Your value proposition should incorporate three components:
- What product or service does your business offer? What problem does your business solve better than any other company in the market?
- Why is the way you deliver your product or service better than your competitors?
- How do you solve your buyer’s problem better than anyone else? How do your internal processes offer support here?
Chances are, the WHAT is pretty straightforward—we’re a roofing company, so WHAT we do is put roofs on houses. The problem we solve is to fix leaks and increase the curb appeal of a home. Sometimes there is a differentiator in the WHAT (say your roofing company manufactures its own unique style of shingle). However, more commonly, the WHY and HOW of the value proposition are the areas your business brings a unique approach to the table.
A lot of established companies intuitively understand their value proposition—they’re the roofing company that delivers the fastest turnaround time in the area for the best value, for example. Most haven’t ever written it out in words and made sure that everything associated with the business reflects that value proposition. If your value proposition isn’t materially different from your competitor’s value proposition, you’re going to either end up competing on price (an undesirable situation for many) or struggling to show customers why you’re the better option.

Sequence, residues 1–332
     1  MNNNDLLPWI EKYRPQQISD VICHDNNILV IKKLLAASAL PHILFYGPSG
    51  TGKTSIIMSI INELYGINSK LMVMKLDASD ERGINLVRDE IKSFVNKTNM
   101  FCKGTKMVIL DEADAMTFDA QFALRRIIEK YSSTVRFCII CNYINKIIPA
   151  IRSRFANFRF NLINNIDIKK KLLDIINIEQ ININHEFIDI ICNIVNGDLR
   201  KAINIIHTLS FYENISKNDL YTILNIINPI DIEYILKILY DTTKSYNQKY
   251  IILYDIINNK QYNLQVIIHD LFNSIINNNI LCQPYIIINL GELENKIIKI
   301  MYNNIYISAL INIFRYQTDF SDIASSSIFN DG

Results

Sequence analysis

What is a positioning statement?
It’s worth noting that your value proposition must become a promise that everyone in the company understands and agrees to uphold. If your marketing promises one thing but the customer experience is something completely different, you’ve got a problem. A positioning statement is similar to a value proposition, but it’s more detailed and intended to help align everyone in the organization. The positioning statement explains what you offer, the target customer, and your competitive differentiators.
I need help creating a value proposition.
Creating a value proposition may sound straightforward, but in practice it can be an arduous process—particularly when there are multiple stakeholders who don’t agree on the key points. We begin all of our marketing strategy and website design engagements by helping clients clearly articulate their value proposition and target marketing. Not only do we believe these are essential foundations for marketing, but they also serve to make our work clear. It’s nearly impossible to write effective website copy or come up with marketing ideas when you haven’t defined the audience and ways your business can address their pain points.
Digital marketing efforts not yielding the results you want?
Use our Digital Marketing Strategy Questions to help you develop a strategic plan to reach and engage your audience online.
Contact us to learn more about our value proposition workshop, during which we guide you through the process of pulling out all that stuff in your head and putting it into your online presence. Having an outside perspective can help to uncover inconsistencies and ensure everyone on the team is aligned to the overarching vision for the business.